No increase in recycling rates without funding reform, says LARAC
Direct charging for household waste collections and reform of the Packaging Recovery Note (PRN) system are among the key recommendations for resolving the local authority funding crisis and increasing recycling rates, according to a new policy paper from LARAC (the Local Authority Recycling Advisory Committee).
Local authorities currently bear the brunt of the financial burden of waste collections, with many buckling under the strain caused by stretching meagre resources as far as they can go in an age of government austerity measures. The new policy paper released today (11 April), ‘The future of local authority waste funding’, seeks to explore the options for bringing about a more equitable sharing of the costs of recycling and waste collection between councils, producers and householders, as well as to stimulate a debate to facilitate changes in council waste funding.
Since the late 2000s, government austerity measures have had a suffocating effect on local authorities, one which appears to have little prospect of being alleviated - between 2015 and 2020 the Revenue Support Grant to English local authorities will have been cut by 75 per cent.
At the same time, UK recycling rates have stalled; after increasing from 12 to 40 per cent between 2001 and 2010, the UK’s recycling rate has only risen by 5.2 per cent to 45.2 per cent in 2016/17. Performance varies across the devolved administrations, with Wales independently reporting a 63.8 per cent recycling rate in 2016/17 and Scotland achieving 45.2 per cent, while England is on 44.6 per cent. Wales is the standout performer here, but with significant investment from the Welsh Government and funding from councils.
The problem becomes more acute when considering the fact that UK local authorities are likely to be beholden to the 65 per cent recycling target for 2030 set by the EU’s Circular Economy Package, which the Department for Environment, Food and Rural Affairs (Defra) has indicated the UK will be signing up to.
It can appear as if local authorities are fighting on their own - they have organised collections and invested heavily in services so that most councils collect paper, glass, plastic bottles and cans, but then they are also obligated to collect other more challenging wastes. The briefing paper argues that the push for increased municipal recycling rates is one that must be shared, with producers contributing their fair share through improving the recyclability of their goods and facilitating segregation.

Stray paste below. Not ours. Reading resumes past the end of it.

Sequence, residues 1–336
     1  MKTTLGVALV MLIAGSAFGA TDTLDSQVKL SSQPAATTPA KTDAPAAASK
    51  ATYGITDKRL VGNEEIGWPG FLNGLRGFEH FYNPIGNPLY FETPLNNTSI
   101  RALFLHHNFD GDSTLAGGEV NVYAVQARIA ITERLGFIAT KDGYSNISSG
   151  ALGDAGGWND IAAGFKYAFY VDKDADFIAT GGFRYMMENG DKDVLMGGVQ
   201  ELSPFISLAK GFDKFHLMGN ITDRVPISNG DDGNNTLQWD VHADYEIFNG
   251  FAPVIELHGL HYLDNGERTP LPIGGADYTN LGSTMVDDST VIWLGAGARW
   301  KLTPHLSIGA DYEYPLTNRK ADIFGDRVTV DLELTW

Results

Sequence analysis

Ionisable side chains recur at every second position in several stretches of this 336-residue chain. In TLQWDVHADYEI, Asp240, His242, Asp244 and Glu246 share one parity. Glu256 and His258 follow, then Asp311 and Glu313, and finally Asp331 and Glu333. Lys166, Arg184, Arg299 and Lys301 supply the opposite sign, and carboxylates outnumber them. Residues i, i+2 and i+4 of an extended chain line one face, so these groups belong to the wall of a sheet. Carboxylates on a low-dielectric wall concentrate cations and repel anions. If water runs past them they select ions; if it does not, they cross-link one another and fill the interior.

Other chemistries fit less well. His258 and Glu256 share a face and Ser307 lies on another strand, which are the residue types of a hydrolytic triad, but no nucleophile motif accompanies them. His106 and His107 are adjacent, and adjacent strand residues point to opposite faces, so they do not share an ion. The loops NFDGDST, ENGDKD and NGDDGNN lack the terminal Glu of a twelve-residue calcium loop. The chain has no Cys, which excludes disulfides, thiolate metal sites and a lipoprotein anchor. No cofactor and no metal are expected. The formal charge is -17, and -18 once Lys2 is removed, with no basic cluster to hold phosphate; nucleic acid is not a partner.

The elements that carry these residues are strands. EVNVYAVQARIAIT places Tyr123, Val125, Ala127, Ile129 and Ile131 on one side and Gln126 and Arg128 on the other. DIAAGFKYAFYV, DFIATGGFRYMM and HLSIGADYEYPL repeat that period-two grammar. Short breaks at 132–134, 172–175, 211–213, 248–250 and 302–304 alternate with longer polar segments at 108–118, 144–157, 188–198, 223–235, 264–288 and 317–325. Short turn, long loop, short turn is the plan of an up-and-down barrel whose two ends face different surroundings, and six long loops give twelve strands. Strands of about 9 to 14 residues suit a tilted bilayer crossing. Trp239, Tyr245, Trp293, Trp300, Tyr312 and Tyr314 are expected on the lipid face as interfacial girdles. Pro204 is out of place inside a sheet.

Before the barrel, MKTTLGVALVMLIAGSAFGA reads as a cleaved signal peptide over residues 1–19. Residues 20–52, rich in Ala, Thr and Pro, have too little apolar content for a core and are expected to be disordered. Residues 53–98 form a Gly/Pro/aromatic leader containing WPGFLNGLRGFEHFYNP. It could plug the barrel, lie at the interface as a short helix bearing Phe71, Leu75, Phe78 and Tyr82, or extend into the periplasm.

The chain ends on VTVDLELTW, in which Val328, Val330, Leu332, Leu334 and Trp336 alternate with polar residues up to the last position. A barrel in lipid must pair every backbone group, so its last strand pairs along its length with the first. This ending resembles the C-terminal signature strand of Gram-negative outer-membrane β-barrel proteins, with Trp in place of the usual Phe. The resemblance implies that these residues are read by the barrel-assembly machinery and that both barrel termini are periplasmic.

Commenting on the release of the briefing paper, Carole Taylor, Chair of LARAC, said: “The achievement of local authorities in the past ten years to raise recycling rates to current levels have come at great expense to them. Millions of pounds of public money are used each year to build and run these services but after years of austerity the current funding model is no longer fit for purpose.
“We need to decouple the provision of waste services from council tax and move it to something that the supply chain and users are responsible for. This will mean some difficult conversations across industry and consideration of thorny policy areas, but it is time to grasp those particular nettles.”
LARAC’s paper explores a number of new funding opportunities, including economic incentives, direct regulation, information-based instruments and consistency.
Given LARAC’s assertion that local authorities’ reliance on the revenue support system is not sustainable, it feels that councils should be given the option to introduce alternative approaches to fund municipal waste collection.
One such incentive the briefing paper explores is direct charging for waste collection. The idea is that the introduction of direct charging schemes places the real cost of waste management on the waste producer, which is far greater than the portion of council tax that actually gets spent on collecting waste, to incentivise them to increase recycling and reuse and reduce waste generation.
Such schemes are widely used in Europe and generally funded by flat rate fees or taxes, with a variable pricing element in accordance with choice of container size, the number of sacks set out for collection, collection frequency or weight of material put out for collection, with the paper citing studies that name weight-based approaches as the most successful. The paper acknowledges the contentious nature of any introduction of a discretionary charging scheme in the UK and backs a ‘robust and comprehensive’ research programme to investigate whether it would work in the UK.
The paper also explores the impact on local authorities of a deposit return scheme (DRS) for drinks containers, whereby containers are returned to a collection point in return for a pre-paid deposit, in the aftermath of the recent announcement by Environment Secretary Michael Gove that a DRS would be introduced in England before the end of the year.
While acknowledging the potential of a DRS to increase recycling rates, the policy paper expresses concern at the fact that the materials targeted by a DRS - plastic, glass and metals - are already collected at the kerbside, at significant cost to local authorities, and removing these higher quality materials from this stream would have a negative financial impact on local authorities, a position previously laid out by LARAC.
To avoid this potential situation, LARAC states that it: ‘supports the concept of Extended Producer Responsibility that DRS would bring to the UK, providing it does not negatively impact on local authority budgets. Materials which are not universally collected at the kerbside are harder to recycle and should be considered as a priority for inclusion.’ These ‘on the go’ items include coffee cups, cartons and smaller drinks containers, while LARAC supports a full impact analysis to establish the potential impacts on local authorities of a DRS.